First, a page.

We had discussions about this in some of the chat threads that I was a part of about 4 years ago.
The truth of the matter is that people can specialize in specific areas but most likely will not be an "expert" or "intellectual" across the board.
For instance the doctor that spends a number of years in school achieving their degrees and specializations will probably not be the same person who is adept at maintaining their books for their taxes. Both skills are something that require years of study... so it is important to realize that both people may be an expert in their field, but an accountant is not going to be able to do open heart surgery in the same manner that the surgeon would be able to. Likewise, the surgeon is not going to know as much as a CPA when it comes to being able to do his taxes.
I think that perhaps it is in the way that people talk, which may be more off-putting than just the fact that they are smart or intelligent. People who rattle off a lot of very fast "over your head" type jargon are going to be perceived as being overly intelligent. If you are wanting to bridge this gap where you appear less off putting, slow down your speech and don't use words that would require the average person to go and look them up in a dictionary. Bring your speech and conversation to the level of the audience's level.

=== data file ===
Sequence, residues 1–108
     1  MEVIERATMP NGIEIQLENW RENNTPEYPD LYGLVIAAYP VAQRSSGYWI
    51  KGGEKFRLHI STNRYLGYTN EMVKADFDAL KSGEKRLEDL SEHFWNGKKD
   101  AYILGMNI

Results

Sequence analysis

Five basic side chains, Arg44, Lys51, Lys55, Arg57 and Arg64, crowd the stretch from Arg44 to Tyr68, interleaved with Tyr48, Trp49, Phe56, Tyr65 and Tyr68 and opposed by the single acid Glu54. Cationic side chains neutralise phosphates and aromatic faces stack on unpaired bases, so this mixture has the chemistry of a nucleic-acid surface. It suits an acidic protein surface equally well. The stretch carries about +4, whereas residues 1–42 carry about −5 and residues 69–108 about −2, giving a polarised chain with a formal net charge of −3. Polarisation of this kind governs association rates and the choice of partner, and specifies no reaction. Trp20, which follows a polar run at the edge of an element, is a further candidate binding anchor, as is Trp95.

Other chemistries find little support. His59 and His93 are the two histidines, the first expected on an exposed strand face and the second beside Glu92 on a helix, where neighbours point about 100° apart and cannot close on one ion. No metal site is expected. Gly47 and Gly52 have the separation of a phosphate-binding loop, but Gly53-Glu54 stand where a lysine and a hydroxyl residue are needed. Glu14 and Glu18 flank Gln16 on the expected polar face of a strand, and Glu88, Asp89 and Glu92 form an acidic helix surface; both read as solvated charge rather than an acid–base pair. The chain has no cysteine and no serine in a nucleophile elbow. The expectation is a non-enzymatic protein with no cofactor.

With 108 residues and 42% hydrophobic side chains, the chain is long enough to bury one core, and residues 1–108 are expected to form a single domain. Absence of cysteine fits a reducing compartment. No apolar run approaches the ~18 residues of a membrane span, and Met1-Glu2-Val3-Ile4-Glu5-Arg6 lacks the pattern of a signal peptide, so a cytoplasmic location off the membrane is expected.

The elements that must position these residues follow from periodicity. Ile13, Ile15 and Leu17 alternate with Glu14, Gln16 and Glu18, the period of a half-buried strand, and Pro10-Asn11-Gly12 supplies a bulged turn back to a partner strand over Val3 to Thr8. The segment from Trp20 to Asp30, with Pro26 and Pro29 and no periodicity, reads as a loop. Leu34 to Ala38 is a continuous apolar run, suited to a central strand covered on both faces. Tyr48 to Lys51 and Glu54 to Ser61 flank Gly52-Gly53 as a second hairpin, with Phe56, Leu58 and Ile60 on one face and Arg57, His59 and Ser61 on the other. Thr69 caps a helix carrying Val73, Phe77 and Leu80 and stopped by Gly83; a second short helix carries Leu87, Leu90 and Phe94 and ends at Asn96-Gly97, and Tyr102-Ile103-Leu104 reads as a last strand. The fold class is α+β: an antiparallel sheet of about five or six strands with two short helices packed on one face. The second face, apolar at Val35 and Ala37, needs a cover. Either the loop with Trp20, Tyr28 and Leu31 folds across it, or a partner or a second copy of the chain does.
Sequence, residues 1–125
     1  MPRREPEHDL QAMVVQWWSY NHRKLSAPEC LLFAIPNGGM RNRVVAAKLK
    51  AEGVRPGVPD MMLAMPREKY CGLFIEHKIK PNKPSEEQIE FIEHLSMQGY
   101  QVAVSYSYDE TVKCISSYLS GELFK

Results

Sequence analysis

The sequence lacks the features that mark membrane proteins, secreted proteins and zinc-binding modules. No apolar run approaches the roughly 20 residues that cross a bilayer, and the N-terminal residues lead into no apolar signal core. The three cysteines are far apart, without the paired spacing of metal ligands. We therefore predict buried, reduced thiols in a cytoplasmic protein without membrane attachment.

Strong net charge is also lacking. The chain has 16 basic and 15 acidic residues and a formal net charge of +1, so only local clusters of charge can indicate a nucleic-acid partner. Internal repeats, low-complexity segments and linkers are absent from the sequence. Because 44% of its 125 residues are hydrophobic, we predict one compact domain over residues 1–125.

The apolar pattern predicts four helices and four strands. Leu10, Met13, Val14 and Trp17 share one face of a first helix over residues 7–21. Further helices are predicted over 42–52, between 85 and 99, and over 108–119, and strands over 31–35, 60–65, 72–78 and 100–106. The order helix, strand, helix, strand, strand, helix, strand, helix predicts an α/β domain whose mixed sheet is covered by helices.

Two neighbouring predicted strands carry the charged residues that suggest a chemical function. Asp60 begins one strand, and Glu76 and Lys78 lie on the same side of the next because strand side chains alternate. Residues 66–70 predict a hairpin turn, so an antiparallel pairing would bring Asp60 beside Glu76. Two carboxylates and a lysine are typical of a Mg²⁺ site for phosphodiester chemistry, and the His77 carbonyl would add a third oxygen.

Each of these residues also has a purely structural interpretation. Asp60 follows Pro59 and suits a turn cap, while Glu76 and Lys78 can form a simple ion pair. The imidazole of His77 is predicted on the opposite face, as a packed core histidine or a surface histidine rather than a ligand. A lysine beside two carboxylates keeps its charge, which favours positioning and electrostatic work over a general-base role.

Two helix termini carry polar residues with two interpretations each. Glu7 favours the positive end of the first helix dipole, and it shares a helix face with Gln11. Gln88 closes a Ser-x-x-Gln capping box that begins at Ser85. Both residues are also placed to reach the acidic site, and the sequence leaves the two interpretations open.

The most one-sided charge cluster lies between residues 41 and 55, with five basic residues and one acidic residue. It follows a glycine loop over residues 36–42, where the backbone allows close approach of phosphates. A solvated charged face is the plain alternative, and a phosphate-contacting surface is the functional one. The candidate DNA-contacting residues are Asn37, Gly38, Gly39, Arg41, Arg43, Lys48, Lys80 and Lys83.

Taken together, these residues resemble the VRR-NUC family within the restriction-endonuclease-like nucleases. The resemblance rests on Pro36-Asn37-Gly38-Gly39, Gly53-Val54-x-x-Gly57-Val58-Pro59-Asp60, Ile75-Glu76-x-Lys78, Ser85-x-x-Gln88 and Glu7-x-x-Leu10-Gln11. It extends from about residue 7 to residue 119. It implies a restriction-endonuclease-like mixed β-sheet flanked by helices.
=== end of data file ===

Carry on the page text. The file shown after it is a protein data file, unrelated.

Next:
As an advertising and communications major, the average age that you are trying to reach is about a 5th grade level. When you talk above this, you may leave some people behind... or scratching their head thinking that you are overly intelligent.
But the goal of all communication should be to communicate... not talk over someone's head! Right?
If you are chomping at the bits for more intellectual conversation-- then start hanging out with people who have your same area of interests... and jargon. This should help quite a lot!